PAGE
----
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Finance Managers plan, organise, direct, control and coordinate the financial and accounting activities within organisations.
Specialisations: Financial Administrator
Earnings are for full-time workers before tax, excluding superannuation. Earnings are a guide only and can vary greatly.
Likely change in the number of jobs over the next 5 years, based on the Department of Employment projections.
Skill Level is the education or training usually needed to do well in this job. Relevant experience is sometimes viewed just as highly.
Employment Size is the number of people who work in this job in Australia.
An above average unemployment rate shows people who do this job are more likely to be out of work than people who do other jobs.
Full-time workers usually work 35 hours or more a week (in all their jobs combined).
This is a very large occupation employing 64,600 workers. Over the past 5 years the number of jobs has grown strongly.Strong growth is expected in the future. New jobs and turnover from workers leaving may create more than 50,000 job openings over the 5 years to 2020.
A Bachelor Degree or higher, or at least 5 years of relevant experience is usually needed to work in this job. Around three quarters of workers have a university degree.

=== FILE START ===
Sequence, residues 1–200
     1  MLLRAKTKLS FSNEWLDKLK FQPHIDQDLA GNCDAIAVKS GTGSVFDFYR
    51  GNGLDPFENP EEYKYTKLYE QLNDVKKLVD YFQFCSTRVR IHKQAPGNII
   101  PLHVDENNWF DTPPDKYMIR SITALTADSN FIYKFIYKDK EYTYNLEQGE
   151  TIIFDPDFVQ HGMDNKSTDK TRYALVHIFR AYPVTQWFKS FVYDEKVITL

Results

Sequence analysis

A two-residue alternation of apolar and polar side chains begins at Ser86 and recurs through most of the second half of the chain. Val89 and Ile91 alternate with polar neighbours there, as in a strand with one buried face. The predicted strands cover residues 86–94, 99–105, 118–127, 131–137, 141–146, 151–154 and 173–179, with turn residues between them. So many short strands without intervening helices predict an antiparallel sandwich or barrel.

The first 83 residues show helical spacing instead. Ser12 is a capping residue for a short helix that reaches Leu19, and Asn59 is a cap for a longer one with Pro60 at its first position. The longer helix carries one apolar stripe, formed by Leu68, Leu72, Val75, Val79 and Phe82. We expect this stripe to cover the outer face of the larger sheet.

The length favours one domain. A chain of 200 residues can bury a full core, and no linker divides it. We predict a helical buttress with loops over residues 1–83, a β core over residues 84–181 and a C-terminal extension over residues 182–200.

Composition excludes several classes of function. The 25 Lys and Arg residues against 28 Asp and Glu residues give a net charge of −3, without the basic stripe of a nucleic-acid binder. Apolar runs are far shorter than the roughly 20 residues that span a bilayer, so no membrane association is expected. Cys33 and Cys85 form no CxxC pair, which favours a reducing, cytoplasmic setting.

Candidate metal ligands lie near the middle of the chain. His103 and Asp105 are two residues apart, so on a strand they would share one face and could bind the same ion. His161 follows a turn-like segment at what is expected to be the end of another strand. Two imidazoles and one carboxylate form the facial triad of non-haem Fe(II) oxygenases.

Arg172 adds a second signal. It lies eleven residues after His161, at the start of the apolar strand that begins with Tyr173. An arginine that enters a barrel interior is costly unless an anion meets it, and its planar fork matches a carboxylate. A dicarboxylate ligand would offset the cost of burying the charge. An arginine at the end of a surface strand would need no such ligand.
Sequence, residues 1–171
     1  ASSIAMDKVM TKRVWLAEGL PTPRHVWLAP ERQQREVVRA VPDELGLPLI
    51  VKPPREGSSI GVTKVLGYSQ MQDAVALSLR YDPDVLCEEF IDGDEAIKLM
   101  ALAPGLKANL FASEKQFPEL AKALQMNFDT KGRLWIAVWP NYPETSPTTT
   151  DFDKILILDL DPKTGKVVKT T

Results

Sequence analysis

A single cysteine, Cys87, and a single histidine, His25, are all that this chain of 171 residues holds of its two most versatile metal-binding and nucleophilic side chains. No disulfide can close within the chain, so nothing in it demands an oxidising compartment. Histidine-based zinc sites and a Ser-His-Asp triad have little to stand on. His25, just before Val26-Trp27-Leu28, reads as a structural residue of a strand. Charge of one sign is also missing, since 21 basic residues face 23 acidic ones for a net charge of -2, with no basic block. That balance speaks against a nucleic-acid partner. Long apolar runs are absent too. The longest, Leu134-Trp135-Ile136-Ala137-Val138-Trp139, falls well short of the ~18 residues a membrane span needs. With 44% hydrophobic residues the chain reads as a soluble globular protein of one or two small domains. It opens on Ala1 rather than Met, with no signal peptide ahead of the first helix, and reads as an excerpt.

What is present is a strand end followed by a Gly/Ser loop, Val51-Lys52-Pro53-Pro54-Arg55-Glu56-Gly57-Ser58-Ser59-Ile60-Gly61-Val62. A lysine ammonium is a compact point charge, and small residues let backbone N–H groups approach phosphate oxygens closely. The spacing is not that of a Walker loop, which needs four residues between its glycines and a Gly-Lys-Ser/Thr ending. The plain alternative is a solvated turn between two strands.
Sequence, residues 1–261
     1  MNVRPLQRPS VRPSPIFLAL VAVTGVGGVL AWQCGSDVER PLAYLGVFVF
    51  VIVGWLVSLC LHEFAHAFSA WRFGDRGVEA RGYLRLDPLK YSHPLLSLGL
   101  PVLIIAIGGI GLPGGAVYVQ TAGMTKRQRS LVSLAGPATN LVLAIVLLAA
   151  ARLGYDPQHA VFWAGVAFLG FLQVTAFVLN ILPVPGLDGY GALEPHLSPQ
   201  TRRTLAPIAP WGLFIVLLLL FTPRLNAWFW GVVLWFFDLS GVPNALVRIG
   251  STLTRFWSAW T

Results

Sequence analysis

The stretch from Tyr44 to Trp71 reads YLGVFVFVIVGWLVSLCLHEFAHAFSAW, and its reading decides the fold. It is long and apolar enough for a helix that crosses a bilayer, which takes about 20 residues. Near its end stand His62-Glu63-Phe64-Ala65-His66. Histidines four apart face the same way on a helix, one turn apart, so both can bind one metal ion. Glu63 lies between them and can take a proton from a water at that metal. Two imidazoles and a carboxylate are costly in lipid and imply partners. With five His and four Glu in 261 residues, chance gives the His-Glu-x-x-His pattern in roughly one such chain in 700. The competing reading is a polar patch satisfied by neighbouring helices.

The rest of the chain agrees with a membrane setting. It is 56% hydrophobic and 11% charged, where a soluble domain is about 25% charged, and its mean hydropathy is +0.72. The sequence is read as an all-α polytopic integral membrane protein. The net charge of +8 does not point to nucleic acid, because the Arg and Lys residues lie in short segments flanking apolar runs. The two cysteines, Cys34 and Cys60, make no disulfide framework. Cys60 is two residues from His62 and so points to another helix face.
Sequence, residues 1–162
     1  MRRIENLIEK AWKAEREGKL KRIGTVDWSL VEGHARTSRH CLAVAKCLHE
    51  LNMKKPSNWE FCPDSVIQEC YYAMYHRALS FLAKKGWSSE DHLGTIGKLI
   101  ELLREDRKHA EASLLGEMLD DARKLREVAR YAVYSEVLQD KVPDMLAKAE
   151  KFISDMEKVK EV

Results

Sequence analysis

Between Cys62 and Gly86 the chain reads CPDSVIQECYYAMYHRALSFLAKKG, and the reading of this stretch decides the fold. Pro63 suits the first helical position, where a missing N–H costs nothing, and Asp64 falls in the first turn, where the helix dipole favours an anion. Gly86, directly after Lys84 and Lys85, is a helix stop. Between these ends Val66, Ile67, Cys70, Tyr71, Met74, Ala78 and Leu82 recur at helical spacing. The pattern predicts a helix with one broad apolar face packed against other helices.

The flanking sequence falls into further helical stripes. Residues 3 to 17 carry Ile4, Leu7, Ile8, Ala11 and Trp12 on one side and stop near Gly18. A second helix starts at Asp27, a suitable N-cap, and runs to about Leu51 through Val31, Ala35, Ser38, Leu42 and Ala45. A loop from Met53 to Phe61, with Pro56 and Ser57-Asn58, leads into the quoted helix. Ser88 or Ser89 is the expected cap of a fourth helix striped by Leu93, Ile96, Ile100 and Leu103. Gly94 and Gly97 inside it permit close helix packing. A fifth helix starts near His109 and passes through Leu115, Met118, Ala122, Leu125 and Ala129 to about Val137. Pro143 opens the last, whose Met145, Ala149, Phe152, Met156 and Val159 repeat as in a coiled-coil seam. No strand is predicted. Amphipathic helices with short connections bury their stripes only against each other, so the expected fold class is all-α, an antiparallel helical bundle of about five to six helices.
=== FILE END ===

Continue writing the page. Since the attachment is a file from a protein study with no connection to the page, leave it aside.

If you are interested in this style of work, there are a wide range of training options available that could lead to this or a similar job. The pathway that is right for you will depend on your skills and interests.
It is a good idea to speak to industry bodies, employers, and workers to learn more about the skills and qualifications you will need.
Employers look for Finance Managers who can communicate clearly, have strong interpersonal skills and pay attention to detail.
The topics, subjects, or knowledge areas workers rate as most important are shown below.
Economics and accounting, the financial markets, banking and checking and reporting of financial data.
Planning and coordination of people and resources.
Arithmetic, algebra, geometry, calculus, or statistics.
English language including the meaning and spelling of words, rules of composition, and grammar.
How our laws and courts work. Government rules and regulations, and the political system.
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Learn about the daily activities, and physical and social demands faced by workers. Explore the values and work styles that workers rate as most important.
The work activities workers rate as most important are shown below.
Using information to work out the best solution and solve problems.
Looking for, getting and understanding different kinds of information.
Looking at, working with, and understanding data or information.
Compiling, coding, categorizing, calculating, tabulating, auditing, or checking information or data.
Giving information to supervisors, co-workers, and staff by telephone, in written form, e-mail, or in person.